Sunday, 13 February 2011

William Sharp and his Seeress

William Sharp was born in Paisley, Scotland in 1855 and was a writer and editor who played a vital, if unorthodox, role in the Celtic Revival of the 1890's.
Having studied Literature, Sharp left University without a degree in 1872.
He initially took a position in a lawyers office in Glasgow and was employed there from 1874 to 1875. Poor health forced him to travel to Australia for a year in 1876 and on returning he found work in a bank in London.
Once in London his literary life began to flourish. Introduced to Dante Gabriel Rossetti, Sharp became a noted member of Rossetti’s literary circle and began to find work as a poet, journalist and editor. His cousin Elizabeth had been a childhood companion that shared many of his interests and they married in 1884. With Elizabeth’s support Sharp found that his literary work became more and more popular and eventually he devoted himself fully to writing from 1891 and took the flexibility of this new employment to travel widely.
On a journey to Italy in 1891 the Sharps met Edith Wingate Rinder, the niece of one of one of Elizabeth’s childhood friends. Although William and Edith were acquainted in London they had never spent any real time in one another’s company. In Italy they did and eventually fell in love.
There is nothing to suggest that the relationship was consumated but for William the experience was life-changing. In Italy he wrote and privately printed a slim volume of love poems, ‘Sospiri di Roma’ that was of significantly greater quality than anything he had previously produced.
He also began work on a novel called ‘Pharais, A Romance of the Isles.’
Set in the Western Isles of Scotland, it was the tale of a doomed romance with the inspiration seemingly being his own situation with Edith.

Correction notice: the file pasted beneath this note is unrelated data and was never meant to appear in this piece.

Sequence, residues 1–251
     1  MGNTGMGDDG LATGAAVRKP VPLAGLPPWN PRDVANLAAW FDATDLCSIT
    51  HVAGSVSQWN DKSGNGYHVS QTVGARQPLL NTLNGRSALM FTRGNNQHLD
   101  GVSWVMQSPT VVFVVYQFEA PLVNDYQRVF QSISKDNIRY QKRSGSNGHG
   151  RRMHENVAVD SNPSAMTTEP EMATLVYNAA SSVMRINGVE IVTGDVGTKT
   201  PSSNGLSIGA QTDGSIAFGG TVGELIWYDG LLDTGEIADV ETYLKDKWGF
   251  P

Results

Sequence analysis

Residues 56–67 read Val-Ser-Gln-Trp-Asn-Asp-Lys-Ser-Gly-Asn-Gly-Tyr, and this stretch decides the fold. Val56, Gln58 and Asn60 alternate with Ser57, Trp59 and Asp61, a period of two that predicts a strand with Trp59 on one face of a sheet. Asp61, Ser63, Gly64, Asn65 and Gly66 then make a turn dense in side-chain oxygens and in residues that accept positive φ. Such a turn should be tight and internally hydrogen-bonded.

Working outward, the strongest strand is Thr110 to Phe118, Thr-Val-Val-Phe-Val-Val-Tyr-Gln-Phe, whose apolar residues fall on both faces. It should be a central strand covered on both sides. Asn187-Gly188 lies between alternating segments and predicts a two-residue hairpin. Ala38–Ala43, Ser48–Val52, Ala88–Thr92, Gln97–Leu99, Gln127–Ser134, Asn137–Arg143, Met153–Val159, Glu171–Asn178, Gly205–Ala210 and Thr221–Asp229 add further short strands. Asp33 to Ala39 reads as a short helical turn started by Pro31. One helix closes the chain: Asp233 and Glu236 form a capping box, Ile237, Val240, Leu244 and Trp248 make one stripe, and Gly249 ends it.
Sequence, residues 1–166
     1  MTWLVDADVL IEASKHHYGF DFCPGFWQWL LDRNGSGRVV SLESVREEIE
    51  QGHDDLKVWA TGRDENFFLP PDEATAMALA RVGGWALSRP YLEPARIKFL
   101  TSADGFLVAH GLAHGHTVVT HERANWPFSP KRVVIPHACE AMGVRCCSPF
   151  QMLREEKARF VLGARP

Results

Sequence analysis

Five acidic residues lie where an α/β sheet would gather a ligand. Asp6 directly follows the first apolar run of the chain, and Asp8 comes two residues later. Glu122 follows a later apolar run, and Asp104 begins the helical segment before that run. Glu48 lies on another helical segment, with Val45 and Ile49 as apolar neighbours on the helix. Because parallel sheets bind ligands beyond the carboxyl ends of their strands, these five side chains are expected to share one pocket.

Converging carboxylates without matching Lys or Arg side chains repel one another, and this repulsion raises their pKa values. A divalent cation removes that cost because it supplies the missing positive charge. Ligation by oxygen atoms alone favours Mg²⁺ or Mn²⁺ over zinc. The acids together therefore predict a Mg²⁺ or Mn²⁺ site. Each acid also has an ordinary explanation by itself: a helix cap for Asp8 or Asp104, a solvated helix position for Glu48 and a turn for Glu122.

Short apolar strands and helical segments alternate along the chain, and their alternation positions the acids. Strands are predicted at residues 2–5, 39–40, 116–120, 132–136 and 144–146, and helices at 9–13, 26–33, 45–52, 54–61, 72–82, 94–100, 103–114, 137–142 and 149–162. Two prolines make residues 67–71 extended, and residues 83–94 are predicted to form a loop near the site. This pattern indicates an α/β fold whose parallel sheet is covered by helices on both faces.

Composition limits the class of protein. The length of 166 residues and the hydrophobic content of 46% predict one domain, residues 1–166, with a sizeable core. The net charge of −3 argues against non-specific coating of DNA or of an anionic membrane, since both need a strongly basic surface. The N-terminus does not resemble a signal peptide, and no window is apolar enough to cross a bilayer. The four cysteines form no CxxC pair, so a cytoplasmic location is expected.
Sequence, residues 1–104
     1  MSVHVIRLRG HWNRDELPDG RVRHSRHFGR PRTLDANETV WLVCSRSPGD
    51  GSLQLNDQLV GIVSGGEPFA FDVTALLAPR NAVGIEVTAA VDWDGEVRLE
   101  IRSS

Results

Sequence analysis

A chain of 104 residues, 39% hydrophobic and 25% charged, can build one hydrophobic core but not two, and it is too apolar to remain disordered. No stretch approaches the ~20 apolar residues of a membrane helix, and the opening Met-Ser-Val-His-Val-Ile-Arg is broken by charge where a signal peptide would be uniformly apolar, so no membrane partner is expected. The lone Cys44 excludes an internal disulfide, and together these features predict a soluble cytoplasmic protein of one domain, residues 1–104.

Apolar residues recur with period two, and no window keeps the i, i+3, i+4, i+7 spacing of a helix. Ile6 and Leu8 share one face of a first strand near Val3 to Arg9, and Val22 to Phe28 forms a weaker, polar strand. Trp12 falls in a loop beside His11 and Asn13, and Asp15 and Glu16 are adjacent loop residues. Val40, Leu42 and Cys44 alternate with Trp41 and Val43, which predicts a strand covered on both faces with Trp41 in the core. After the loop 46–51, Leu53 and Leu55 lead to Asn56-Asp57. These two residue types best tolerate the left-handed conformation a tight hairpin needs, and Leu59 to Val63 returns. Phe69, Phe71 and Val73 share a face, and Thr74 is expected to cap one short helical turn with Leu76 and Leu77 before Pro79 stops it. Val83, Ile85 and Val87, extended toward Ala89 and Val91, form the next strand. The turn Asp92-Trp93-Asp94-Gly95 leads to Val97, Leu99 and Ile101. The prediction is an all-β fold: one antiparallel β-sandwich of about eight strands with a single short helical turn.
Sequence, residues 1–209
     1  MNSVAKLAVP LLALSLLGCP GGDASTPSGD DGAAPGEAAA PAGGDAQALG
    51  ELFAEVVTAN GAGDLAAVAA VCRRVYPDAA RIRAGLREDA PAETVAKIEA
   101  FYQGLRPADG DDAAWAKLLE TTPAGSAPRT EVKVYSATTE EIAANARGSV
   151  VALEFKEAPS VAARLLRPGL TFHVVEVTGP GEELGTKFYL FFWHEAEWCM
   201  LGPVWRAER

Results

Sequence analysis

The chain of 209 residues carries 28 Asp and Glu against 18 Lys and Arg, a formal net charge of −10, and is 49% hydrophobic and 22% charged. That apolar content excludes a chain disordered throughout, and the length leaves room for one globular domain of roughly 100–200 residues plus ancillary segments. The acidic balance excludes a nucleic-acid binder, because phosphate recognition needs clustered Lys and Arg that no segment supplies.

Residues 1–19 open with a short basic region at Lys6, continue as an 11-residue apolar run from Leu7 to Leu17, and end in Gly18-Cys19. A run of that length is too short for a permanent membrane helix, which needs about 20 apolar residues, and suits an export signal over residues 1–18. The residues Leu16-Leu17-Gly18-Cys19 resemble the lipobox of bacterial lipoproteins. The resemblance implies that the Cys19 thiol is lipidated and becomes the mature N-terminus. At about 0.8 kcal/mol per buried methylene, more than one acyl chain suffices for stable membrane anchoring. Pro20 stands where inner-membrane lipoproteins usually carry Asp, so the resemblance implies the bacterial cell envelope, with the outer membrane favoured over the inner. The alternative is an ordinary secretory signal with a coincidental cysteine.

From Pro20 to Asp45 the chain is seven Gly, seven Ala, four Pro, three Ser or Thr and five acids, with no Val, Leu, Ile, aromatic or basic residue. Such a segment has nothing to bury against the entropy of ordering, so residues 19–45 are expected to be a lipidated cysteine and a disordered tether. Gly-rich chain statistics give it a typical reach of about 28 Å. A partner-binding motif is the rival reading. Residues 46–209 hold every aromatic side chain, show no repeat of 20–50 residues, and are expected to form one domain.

William had some concerns about the new direction his work was taking though.
Firstly he was sure that critics would not take a work of romantic fiction by William Sharp seriously and, more importantly, he felt sure that anyone who read the novel and knew of his friendship with Edith would be able to trace the roots of the story.
William decided the safest route would be to publish under a pseudonym and named his literary alter ego ‘Fiona Macleod’. He felt using a woman’s name would throw people of the scent a little more and would confuse even further the aliases of the characters in the book from their real-life counterparts.
There is also a possibility that Sharp was working with the Hermetic Order of the Golden Dawn at this point. The Order, a gathering of practising magicians largely drawn from literary and theatrical circles, were doing a great deal of work on the concept of the ‘divine feminine’ during this time and it would have been seen as a major magical working to produce such successful novels with a mystical element under the guise of a woman.
In his own writings Sharp described Macleod as an ‘ancestral seeress’.
‘Pharais’ was published in 1894 and in 1895 Fiona Macleod produced ‘The Mountain Lovers’ another West of Scotland romance. Both books attracted an enthusiastic readership and no little critical acclaim.
Fiona Macleod became a minor literary phenomenon.
Sharp began to live a literary double life. He continued to write and edit and helped to produce significant works on Ossian and Walter Scott that were key to the Celtic Revival.
This served to confuse matters somewhat when W.B. Yeats, another important figure in the movement, declared that he didn’t enjoy Sharp’s work but did like Macleod’s.
The more Sharp became immersed in the Macleod deception the more complex it became.
He acted as her agent and declined meetings and public appearances on the grounds of Fiona’s desire for privacy and a quiet life in the Highlands.
When it was necessary for Fiona to correspond with someone Sharp would dictate the letters to his sister so that it would be written in a feminine hand.
Later in life Sharp even refused to reveal the subterfuge to the Prime Minister.
When Lord Salisbury offered Fiona Macleod a Civil List pension Sharp had to regretfully decline, fearing that it would reveal his deception.
Poor William Sharp would never be considered for such an honour...

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